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9-1-1 System Upgrade Explained To County Board Of Supervisors

By Staff | Nov 19, 2009

Palo Alto County’s 9-1-1 system is some of the best technology available, it is also nearing the end of its useful service life.

That was the message presented to the Palo Alto County Board of Supervisors by County Sheriff Dennis Goeders and Emergency Management Director Mark Hunefeld during the weekly board meeting on Tuesday.

According to Goeders, the county’s E-9-1-1 Commission is planning on a systems upgrade in the coming year to the 9-1-1 equipment located in the Palo Alto County Communications Center. The equipment, which included computer locating and tracking systems, is nearing what Hunefeld termed the end of its useful life.

“Basically, we have equipment in our Communications Center that we can no longer obtain repair parts for,” Hunefeld told the supervisors. “The advancements in technology are ongoing and after so long, equipment becomes outdated, and that’s kind of where we’re headed.”

According to Hunefeld, in past years, such equipment upgrades and replacements were funded through a grant process, where the local E-9-1-1 authority would submit grant funding requests to the state of Iowa, who would award grants from the Wireless Carryover Fund, a pool of money generated by a state surcharge on wireless phones. A local surcharge is also applied to wireless phones, with those funds going to the local E-9-1-1 authority to match the state grants.

“This year, we do not have the Wireless Carryover Fund money to draw from at the state level,” Hunefeld said. “The state took it away in May, and said it would be available in September, but now they tell us not to expect it any time in the near future.”

According to Goeders, the necessary upgrades to the Communications Center equipment is estimated at $120,000 to $130,000. “That would include the 9-1-1 tracking system, tie ins with Qwest, the recording system for all radio and telephone traffic and hardware.”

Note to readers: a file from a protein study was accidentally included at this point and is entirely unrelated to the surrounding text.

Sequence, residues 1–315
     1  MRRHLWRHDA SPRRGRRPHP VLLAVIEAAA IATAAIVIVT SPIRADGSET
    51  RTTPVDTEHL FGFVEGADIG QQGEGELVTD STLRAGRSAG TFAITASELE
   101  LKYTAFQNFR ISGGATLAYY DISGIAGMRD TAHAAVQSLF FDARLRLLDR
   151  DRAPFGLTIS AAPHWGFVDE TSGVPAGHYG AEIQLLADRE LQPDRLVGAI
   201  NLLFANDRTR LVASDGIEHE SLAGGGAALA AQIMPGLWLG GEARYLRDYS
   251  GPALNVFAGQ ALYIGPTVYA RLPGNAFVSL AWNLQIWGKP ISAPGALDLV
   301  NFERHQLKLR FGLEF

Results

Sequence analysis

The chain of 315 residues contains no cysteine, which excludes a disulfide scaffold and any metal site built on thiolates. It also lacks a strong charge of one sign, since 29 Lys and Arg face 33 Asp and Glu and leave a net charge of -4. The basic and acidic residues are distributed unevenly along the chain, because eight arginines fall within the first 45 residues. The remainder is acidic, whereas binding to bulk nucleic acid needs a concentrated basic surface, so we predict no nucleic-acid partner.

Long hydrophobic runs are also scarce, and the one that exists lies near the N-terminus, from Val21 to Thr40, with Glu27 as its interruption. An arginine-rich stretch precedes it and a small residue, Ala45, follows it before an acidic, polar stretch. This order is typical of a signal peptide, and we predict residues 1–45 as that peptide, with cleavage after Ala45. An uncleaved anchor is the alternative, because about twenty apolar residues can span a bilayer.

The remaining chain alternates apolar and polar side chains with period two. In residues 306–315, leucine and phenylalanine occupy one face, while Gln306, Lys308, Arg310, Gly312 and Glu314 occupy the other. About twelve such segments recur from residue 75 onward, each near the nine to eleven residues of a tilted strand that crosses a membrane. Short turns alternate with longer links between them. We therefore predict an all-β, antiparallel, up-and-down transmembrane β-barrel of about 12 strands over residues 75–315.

“Part of what is driving this is that the new technology would allow us to better track wireless communications or IP tracking, such as Trac Phones or people who call over the internet,” Hunefeld said. “And, this would also allow us to use the VIPER system, which is a method of allowing a 9-1-1 operator to receive text messages and send out text alerts for bad weather or the like.”

Hunefeld went on to explain that the E-9-1-1 Commission was going to apply for a Palo Alto County Gaming Development Commission Grant, and wanted the to know if the Supervisors would be supportive of such a grant application, and possibly write a letter of support for a grant application.

“I think you should go ahead and apply for the grant,” said Supervisor Ron Graettinger. “It doesn’t sound like the state is going to help you out if they took the funding away.”

“Another possible funding option for us could be to increase the local surcharge for landline phones,” Hunefeld noted. “We’ve gone from $65,000 of revenue through that surcharge to $60,000 because people are giving up their landlines and going to cell phones in just the past five years.”

“I think that grant is a good idea, too,” observed Supervisor Keith Wirtz.

The board thanked the pair for the update and offered their support of a letter for the grant process.

In other action, the Supervisors approved a bid for fuel supplies at the Cylinder Secondary Road location. A fuel delivery system was recently established at the Cyinder shed, eliminating the need for the county’s equipment to purchase fuel at the State Line Cooperative fueling location in the community.

“We received bids for fuel from Green Plains Energy, Ruthven Coop Oil, Star Energy, MaxYield Cooperative and Pro Cooperative,” reported Palo Alto County Engineer Joel Fantz. “The low bidder would be Pro Cooperative, from their Graettinger location, in the amount of $21,078.80.’

According to Fantz, the county will save approximately 10 cents per gallon for fuel by using its own supply as opposed to purchasing it from the State Line Coop pumps

The contract was approved on a unanimous vote.

The board members also approved a contract, bid bond and insurance coverage with Cramer and Associates of Grimes, IA, for the rehabilitation and repair of the Kirby-Flynn Bridge over the Des Moines River, southeast of Emmetsburg. The steel truss bridge was closed several years ago after a fire destroyed a third of the wooden plank decking.

“The bid from Cramer and Associates came in at $258,188.40,” Fantz noted. “The Cramer people indicated that they are planning on doing this work as a winter project. They’ve ordered the planks for the decking, and those are 45 days from delivery.

When the bridge is repaired and inspected, it will be restricted for vehicular traffic of three tons or less.

Fantz also reported that staff would be looking to replace a 1982 Freightliner semi tractor in the next few months.

“This is the tractor that we use to haul the dozer on the lowboy trailer with, and it has some major transmission and engine issues,“?Fantz said. “It’s just at the point where it’s not worth repairing, when you can but a newer truck to replace it for $26 or $27,000.

“Trucks are cheap right now,“?agreed Wirtz. “You can really buy some good, reliable and dependable trucks at a good price right now.”

Fantz noted their is no timetable to acquire a replacement, but that there were funds available for it.